Psychosis is a break from reality — a truly impossible phenomenon to imagine unless you’ve experienced it yourself. According to the National Alliance of Mental Illness, approximately 3 in 100 people will experience an episode of psychosis during their lives.

But experiencing psychosis doesn’t make someone “psychotic, “crazy” or even dangerous. It’s a symptom of a mental illness, and should be treated like one.

To get a better understanding of psychosis, we asked people in our community to describe what it’s like.

This is what they had to say:  

1. “For me, it felt like I was watching a movie that was my life. I knew bad things were happening and I couldn’t stop it. ”

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2. “It feels like a complete loss of control.”

3. “I was driven by fear…voices…hallucinations. I felt chaotic.”

4. “Out of body experience. Excruciating sensations amplified by 1,000 at the tip of every sensor in my body.”

5. “Simply the most troubling loss of self you can experience.”

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6. “For me, it’s like an overwhelming feeling of fear and dread combined with an uncontrollable obession on one thing. My mind is stuck on that one thing and it races nonstop.”

7. “It’s overwhelming, and yet super realistic. It’s so convincing that you completely go along for the ride.”

8. “Drowning in a cesspool of confusion and chaos.”

9. “You’re sitting there, in that place you should be able to recognize. You don’t. Everything is unfamiliar, foreign. You’re grasping, desperately, for a comfortable place you aren’t in the moment able to identify. You’re missing yourself. Missing from yourself. Everything is fast — images and echoes. Somehow you feel slow and still. As though you’re out of your body but you can’t quite see yourself. Hurt. You hurt. You know you’re hurting.”

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10. “Your mind tells you something is true and your body reacts with animal instinct. You have to fight in your brain — to argue that what you’re believing instinctively is wrong.”

11. “It’s like being your worst enemy and the enemy is inside your head. Psychosis isn’t fun because your mind plays tricks on you, and this can be terrifying for the person.”

12. “It feels like you are outside of your brain, like there isn’t a problem.”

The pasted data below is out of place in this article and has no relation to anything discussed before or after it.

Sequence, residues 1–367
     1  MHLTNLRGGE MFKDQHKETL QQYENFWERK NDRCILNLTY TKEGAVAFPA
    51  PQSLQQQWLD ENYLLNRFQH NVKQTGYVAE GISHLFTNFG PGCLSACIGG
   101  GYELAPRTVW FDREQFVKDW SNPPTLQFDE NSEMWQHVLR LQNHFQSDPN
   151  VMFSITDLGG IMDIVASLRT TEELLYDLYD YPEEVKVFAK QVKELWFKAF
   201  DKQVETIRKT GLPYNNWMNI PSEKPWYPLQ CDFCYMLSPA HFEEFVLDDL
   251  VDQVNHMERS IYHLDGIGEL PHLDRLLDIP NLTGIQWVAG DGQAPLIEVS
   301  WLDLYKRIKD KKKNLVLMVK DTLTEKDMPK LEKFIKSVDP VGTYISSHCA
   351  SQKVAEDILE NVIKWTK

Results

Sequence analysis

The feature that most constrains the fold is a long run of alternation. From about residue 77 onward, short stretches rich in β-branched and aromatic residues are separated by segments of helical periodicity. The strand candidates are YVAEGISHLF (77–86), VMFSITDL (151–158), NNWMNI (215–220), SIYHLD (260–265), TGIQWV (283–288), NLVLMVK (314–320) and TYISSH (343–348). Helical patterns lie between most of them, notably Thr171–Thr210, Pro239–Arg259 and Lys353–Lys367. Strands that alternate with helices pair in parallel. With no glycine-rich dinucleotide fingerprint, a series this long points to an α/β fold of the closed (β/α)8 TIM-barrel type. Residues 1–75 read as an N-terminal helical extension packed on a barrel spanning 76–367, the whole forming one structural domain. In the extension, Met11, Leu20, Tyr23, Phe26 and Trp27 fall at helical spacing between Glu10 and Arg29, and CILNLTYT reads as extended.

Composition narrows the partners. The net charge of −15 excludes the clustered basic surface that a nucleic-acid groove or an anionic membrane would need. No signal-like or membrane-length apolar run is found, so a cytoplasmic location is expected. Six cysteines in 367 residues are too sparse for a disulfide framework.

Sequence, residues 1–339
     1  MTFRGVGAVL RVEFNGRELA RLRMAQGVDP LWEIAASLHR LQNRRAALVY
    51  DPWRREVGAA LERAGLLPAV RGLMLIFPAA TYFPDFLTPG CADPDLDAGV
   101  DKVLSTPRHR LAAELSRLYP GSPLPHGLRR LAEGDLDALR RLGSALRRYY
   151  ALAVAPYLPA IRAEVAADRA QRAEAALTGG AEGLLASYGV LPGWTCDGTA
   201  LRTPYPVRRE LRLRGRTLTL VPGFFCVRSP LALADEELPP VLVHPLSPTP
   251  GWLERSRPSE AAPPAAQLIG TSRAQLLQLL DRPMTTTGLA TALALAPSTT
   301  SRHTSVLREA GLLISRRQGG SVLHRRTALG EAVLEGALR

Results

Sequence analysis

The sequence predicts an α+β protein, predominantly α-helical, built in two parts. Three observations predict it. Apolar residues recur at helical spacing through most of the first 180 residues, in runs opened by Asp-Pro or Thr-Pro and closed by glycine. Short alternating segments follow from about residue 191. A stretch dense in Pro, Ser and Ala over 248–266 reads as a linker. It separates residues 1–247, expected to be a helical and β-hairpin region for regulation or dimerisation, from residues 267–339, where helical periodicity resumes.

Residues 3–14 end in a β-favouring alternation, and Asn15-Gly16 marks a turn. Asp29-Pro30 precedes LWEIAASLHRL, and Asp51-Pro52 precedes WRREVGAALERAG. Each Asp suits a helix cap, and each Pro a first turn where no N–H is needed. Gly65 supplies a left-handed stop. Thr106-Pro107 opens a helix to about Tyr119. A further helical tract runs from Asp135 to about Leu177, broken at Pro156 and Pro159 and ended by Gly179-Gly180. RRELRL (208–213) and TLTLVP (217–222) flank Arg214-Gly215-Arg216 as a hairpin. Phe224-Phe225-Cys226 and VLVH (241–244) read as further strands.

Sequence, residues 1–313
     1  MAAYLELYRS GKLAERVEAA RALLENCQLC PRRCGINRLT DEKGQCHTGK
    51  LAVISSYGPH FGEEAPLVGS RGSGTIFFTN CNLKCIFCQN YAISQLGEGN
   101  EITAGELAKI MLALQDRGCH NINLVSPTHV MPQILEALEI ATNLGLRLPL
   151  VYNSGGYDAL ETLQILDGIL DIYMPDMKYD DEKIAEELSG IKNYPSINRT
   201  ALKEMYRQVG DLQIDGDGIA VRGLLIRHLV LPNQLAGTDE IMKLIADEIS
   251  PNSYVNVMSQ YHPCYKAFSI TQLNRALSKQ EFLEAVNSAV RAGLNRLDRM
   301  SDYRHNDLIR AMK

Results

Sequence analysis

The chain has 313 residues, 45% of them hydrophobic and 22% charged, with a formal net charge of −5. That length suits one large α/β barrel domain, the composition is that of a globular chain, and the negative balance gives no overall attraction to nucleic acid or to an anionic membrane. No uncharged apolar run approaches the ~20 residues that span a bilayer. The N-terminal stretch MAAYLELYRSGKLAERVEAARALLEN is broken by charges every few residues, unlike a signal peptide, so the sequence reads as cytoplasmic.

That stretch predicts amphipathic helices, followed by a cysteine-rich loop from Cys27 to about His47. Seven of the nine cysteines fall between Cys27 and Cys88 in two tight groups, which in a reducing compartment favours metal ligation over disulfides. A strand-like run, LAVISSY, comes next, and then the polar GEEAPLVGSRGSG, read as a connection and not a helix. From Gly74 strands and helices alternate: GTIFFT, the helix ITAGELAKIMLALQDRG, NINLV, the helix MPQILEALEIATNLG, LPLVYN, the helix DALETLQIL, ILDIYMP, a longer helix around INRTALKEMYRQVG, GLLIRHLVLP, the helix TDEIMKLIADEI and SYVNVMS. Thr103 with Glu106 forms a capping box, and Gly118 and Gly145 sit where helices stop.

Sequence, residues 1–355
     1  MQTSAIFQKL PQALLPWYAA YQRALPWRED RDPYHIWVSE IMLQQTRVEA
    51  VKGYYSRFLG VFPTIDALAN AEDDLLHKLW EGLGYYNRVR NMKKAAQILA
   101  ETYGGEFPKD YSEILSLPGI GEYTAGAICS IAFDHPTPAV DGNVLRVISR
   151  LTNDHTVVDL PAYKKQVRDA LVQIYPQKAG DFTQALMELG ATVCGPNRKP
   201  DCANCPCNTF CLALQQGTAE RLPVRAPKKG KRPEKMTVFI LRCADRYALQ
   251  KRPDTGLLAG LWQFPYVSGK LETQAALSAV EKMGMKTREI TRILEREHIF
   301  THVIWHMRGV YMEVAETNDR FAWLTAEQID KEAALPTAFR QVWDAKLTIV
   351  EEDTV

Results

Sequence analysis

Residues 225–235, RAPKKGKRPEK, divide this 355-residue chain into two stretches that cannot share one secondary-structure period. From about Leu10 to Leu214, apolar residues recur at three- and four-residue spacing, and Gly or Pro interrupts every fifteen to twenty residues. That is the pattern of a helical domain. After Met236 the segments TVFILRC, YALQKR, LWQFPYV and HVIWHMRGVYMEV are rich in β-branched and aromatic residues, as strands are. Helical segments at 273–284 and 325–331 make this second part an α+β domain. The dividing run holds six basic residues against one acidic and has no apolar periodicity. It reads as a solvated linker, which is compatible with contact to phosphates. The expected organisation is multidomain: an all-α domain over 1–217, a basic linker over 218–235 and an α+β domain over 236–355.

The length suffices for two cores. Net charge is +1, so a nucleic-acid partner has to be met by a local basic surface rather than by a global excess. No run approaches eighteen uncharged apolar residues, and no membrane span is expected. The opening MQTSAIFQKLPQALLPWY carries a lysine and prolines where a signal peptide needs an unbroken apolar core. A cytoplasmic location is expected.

13. “It feels like you’re stung by a wasp in your brain.”

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14. “I felt like I was in control, but now I’m sure I wasn’t.”

15. “Every sense is heightened and colors are especially bright. The world is on a giant flat screen TV. Everything seems more crystal clear than you ever knew, but then it all becomes confused and muddled. You make your own realities, constantly decoding messages that seem extremely important, but are ultimately meaningless. They further the storyline in your head that seems so real.”

16. “Like a cataract of the mind.”

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My son did not wake up one morning and ask to have a brain disease. Yet, like unwanted weeds in a garden, this illness took root in his young teen years and overtook the fertile soil of our sweet son’s growing mind. 

When my son had his first psychotic break at the age of 18, we were shell shocked and devastated. How do you prepare for psychosis? Who do you call for help? What is psychosis in the first place, and what is happening to his brain? In our son’s mania, he ran through our neighborhood singing and knocking on neighbor’s doors, scaring them. Eventually he darted out onto a busy street with oncoming traffic. The police had to be called, and I will be forever grateful they subdued him before something tragic happened. Even after he pushed an officer down, they brought him to the hospital instead of jail because they recognized his illness for what it was. 

The very next morning I phoned the hospital where he had been involuntarily admitted by police. I wanted to check on him and speak with a doctor. Naive, I thought his illness was the worst thing we’d have to face. Then, I was met with an ice cold greeting from a staff member: “Ma’am, your son is a psychopath. Give him the number to a homeless shelter and pack his bag.” I hung up the phone and my heart plummeted into a dark pit of despair.